'Mortgage Servicing' is explained in detail and with examples in the Economics edition of the Herold Financial Dictionary, which you can get from Amazon in Ebook or Paperback edition.
Mortgage servicing refers to the organization that handles the administration of a given mortgage loan. When many individuals obtain a mortgage, they mistakenly believe that their lender is going to keep and service this loan until they repay it in full or alternatively sell the house. This is not true much of the time, if not most of the time. In the competitive mortgage market of today, the loans a bank makes and its rights to service them it will commonly sell or buy. This simply means that in many instances, individuals send their payments in to a different company than the one which actually holds their loan.
It is useful to understand the definition of a mortgage servicer. These entities carry the responsibility of managing the daily needs for a given account on a mortgage loan. This includes a number of different services which they perform for the loan. The mortgage servicing model includes receiving and applying the every-month loan installment payments. Servicers also manage the escrow account for any mortgage that possesses one. It is this servicer who homeowners will call or email if they have questions regarding the mortgage itself or any particulars of the loan account.
This administration involved in mortgage servicing revolves around administering the loan from the time the loan proceeds are paid out all the way through the repayment of the loan in full. Besides the obvious tasks that a servicer will perform on a mortgage account, there are several other critically important ones. The servicer must collect and make payments on both insurance and taxes for the borrower. They have to deliver the received funds to the holder of the mortgage. Finally, they have the unpleasant but necessary task of dealing with any delinquencies on the mortgage accounts.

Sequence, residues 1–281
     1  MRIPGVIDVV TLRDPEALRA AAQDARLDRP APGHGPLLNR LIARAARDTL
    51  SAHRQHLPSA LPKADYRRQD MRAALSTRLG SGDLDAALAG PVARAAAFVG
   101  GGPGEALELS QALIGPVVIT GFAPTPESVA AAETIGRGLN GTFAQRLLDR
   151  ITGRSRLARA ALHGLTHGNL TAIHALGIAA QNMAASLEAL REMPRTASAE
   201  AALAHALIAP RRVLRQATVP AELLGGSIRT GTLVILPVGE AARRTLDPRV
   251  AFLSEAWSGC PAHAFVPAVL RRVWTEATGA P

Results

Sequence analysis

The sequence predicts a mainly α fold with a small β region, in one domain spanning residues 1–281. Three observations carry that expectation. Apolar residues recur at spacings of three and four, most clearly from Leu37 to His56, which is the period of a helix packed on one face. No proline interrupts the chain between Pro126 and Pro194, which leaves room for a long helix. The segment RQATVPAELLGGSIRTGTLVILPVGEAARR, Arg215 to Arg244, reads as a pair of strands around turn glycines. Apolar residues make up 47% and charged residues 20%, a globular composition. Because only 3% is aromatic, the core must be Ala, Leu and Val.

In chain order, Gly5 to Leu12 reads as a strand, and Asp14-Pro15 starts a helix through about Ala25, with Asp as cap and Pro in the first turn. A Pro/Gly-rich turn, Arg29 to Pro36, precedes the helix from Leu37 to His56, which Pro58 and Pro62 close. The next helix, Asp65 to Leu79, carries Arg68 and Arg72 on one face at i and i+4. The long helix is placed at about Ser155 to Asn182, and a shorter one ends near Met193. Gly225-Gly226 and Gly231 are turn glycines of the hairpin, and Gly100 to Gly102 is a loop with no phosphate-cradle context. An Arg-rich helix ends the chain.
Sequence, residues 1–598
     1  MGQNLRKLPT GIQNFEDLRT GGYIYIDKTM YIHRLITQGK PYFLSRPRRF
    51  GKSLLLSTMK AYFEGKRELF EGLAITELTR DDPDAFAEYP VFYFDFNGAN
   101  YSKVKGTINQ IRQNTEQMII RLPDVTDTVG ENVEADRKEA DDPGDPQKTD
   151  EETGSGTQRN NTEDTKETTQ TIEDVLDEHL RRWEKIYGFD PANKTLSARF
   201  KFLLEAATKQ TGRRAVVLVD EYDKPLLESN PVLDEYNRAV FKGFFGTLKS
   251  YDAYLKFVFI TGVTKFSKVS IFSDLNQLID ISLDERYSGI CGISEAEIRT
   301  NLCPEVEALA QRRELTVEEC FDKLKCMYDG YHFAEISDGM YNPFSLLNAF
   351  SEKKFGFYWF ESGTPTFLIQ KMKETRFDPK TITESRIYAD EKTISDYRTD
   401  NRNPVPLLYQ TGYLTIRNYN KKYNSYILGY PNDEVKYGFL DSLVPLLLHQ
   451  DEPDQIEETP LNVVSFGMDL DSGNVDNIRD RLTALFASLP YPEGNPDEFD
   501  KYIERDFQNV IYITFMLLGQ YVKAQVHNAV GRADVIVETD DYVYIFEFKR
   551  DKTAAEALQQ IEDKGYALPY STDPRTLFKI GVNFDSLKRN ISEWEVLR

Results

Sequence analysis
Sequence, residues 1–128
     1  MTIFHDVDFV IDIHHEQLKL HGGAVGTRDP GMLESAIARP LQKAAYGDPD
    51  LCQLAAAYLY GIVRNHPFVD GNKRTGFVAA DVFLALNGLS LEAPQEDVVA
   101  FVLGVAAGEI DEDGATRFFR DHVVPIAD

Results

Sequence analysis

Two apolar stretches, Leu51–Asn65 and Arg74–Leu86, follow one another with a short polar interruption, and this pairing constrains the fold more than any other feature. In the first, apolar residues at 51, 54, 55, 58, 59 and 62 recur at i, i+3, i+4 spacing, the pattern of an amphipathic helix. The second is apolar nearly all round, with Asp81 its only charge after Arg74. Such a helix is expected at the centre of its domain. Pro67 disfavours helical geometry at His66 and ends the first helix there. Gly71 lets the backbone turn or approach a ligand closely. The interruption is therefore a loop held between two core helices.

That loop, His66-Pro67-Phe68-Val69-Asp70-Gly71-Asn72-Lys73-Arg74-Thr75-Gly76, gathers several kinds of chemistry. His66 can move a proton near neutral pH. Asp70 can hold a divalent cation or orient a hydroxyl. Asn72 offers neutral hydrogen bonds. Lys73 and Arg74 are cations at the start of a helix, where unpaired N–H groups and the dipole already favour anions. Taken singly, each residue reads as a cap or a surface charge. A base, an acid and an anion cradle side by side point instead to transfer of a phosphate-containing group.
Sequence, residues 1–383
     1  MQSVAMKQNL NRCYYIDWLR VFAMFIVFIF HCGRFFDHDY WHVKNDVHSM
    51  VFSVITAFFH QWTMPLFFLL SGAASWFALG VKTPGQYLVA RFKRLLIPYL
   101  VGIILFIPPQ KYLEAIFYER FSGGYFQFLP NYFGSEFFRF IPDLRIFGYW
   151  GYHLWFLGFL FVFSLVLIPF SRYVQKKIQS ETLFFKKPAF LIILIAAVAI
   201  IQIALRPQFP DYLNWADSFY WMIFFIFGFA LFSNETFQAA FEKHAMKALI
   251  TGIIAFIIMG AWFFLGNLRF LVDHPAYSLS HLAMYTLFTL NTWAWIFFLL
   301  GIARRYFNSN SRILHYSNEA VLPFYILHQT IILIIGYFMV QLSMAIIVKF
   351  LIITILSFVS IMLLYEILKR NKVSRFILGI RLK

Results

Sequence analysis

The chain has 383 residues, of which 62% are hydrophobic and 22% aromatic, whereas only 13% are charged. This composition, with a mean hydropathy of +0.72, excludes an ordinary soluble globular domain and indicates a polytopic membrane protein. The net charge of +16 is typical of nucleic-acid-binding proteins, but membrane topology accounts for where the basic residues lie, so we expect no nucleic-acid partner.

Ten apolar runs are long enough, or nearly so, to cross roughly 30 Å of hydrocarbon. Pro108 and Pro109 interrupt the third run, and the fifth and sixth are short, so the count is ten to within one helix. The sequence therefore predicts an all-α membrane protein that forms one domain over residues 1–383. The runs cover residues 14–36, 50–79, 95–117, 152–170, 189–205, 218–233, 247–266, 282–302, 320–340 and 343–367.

The mortgage servicers receive their compensation for these services in a particular way. They get to keep a fairly small percentage of every loan installment payment. This is called the servicing strip or servicing fee. It typically amounts to between .25% and .5% of the amount of the periodic interest payment.
Looking at an example of how this compensation works out in practice is helpful. When a remaining balance on a given mortgage proves to be $200,000 and there is a servicing fee amounting to .50%, the mortgage servicer will keep .005 divided by 12 months times $200,000 to arrive at a servicing amount of $80. They will retain this $80 from the coming periodic payment and then turn in the rest of the payment amount to the holder of the mortgage.
These mortgage servicing rights can be bought and sold on the secondary market. This happens in a similar fashion to the MBS mortgage backed securities trading. In fact, the mortgage loan servicing value works out to be much like the MBS IO strips value. This is referred to as MSR Mortgage Servicing Rights. Such servicing rights are actually contracted. They provide the rights to service the original mortgage. The initial lender will often sell these off to another firm that specializes in servicing mortgages. The contract will then specify what percentage amount the servicer will keep from each payment.
Though it is hard to believe, the United States national banking laws permit these lending institutions to sell their mortgages and/or servicing rights to any other institution they wish without having to first obtain the consent of the borrower or even to alert them of the change. This is because the interest rate, payment amount, kind of loan, and other terms will stay the same regardless of who services the mortgage. The only difference is that the company and address where the borrower sends the payments will be different.
Lenders might choose to sell these mortgage servicing rights in order to make available additional funds to more borrowers who wish to obtain mortgages. This is necessary as the majority of loans on homes take from 15 to 30 years (or even longer) to repay. Banks would requires billions of dollars in funds to loan out in order to meet the mortgage market demand if they had to keep all of their loans on the books ad infinitum. By selling the loans and/or servicing rights, they are able to help more individuals into homes.